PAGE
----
TO ALL THE KIDS WHO SURVIVED the 1930's 40's, 50's, 60's and 70's !!
First, we survived being born to mothers who smoked and/or drank while they
They took aspirin, ate blue cheese dressing and didn't get tested for
Then after that trauma, our baby cribs were covered with bright colored
We had no childproof lids on medicine bottles, doors or cabinets and when we
rode our bikes, we had no helmets, not to mention, the risks we took
As children, we would ride in cars with no seat belts or air bags.
Riding in the back of a pick up on a warm day was always a special treat.
We drank water from the garden hose and NOT from a bottle.
We shared one soft drink with four friends, from one bottle and NO ONE
actually died from this.
We ate cupcakes, bread and butter and drank soda pop with sugar in it, but
we weren't overweight because WE WERE ALWAYS OUTSIDE PLAYING!
We would leave home in the morning and play all day, as long as we were back
when the streetlights came on.
No one was able to reach us all day. And we were O.K.
We would spend hours building our go-carts out of scraps and then ride down
the hill, only to find out we forgot the brakes. After running into the
bushes a few times, we learned to solve the problem.
We did not have Playstations, Nintendo's, X-boxes, no video games at all, no
99 channels on cable, no video tape movies, no surround sound, no cell
phones, no personal computers, no Internet or Internet chat
rooms..........WE HAD FRIENDS and we went outside and found them!
We fell out of trees, got cut, broke bones and teeth and there were no
lawsuits from these accidents.
We mad e up games with sticks and tennis balls and ate worms (only with some tomato sauce for me) and although we
were told it would happen, we did not put out very many eyes, nor did the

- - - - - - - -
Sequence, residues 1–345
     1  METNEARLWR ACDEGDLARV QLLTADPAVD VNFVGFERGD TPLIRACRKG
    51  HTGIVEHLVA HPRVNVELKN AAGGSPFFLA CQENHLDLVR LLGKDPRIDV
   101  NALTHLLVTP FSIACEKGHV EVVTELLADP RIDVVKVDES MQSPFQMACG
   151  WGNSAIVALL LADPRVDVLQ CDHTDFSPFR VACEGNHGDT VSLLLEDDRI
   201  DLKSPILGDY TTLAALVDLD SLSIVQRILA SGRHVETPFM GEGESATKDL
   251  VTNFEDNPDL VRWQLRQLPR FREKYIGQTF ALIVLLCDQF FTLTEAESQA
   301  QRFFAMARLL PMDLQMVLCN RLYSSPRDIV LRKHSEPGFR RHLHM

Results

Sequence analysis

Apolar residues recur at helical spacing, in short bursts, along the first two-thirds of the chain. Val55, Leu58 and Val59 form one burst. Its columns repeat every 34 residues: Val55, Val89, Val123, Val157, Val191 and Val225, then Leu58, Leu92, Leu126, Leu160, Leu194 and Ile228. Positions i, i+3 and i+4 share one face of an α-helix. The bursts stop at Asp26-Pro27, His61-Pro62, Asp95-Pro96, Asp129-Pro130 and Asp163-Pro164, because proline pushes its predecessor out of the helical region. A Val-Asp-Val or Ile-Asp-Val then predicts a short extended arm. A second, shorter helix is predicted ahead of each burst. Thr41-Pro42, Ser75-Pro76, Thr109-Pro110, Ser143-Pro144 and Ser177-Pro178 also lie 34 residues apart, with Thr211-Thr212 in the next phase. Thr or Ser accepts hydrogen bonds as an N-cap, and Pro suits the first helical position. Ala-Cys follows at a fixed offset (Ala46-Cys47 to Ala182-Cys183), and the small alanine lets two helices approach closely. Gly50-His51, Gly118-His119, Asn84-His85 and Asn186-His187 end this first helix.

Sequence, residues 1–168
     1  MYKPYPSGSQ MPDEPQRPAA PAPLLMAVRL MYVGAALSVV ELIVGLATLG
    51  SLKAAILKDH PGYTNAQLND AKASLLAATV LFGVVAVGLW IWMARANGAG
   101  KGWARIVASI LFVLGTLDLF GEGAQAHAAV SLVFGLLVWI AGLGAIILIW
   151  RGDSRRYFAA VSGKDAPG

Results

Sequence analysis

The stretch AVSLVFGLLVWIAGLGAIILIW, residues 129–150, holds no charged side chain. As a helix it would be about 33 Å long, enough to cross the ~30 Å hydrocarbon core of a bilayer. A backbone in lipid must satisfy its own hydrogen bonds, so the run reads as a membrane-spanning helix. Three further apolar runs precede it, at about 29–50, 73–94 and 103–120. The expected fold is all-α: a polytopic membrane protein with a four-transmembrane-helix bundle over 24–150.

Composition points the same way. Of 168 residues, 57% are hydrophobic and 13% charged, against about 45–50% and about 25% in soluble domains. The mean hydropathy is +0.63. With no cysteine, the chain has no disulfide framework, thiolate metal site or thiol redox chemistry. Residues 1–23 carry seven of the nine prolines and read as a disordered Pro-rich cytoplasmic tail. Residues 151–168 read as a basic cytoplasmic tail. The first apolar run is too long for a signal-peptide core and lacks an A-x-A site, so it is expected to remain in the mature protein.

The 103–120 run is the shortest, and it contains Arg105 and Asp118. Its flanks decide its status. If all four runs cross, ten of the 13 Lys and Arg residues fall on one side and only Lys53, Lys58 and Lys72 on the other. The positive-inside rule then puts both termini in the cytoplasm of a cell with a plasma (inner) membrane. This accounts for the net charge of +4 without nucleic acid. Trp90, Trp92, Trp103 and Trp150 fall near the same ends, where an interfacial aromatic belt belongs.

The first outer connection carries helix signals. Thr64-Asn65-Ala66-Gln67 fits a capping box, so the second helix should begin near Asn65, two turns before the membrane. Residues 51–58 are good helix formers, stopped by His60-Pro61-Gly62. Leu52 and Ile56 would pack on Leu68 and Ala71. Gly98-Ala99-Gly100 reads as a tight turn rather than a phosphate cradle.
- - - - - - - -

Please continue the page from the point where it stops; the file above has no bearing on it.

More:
worms live in us forever.
We rode bikes or walked to a friend's house and knocked on the door or rang
the bell, or just walked in and talked to them!
Lttle League had tryouts and not everyone made the team. Those who didn't
had to learn to deal with disappointment. Imagine that!!
The idea of a parent bailing us out if we broke the law was unheard of. They
actually sided with the law!
This generation has produced some of the best risk-takers, problem solvers
and inventors ever!
The past 50 years have been an explosion of innovation and new ideas.
We had freedom, failure, success and responsibility, and we learned HOW TO
DEAL WITH IT ALL!
And YOU are one of them! CONGRATULATIONS!
You might want to share this with others who have had the luck to grow up as
kids, before the lawyers and the government regulated our lives for our own
Kind of makes you want to run through the house with scissors, doesn't
“Twenty years from now you will be more disappointed by the things that you didn’t do than by the ones you did do. So throw off the bowlines. Sail away from the safe harbor. Catch the trade winds in your sails. Explore. Dream. Discover.“
Perhaps we who visit this board survived, but much on that list should not be taken lightly or used for humor.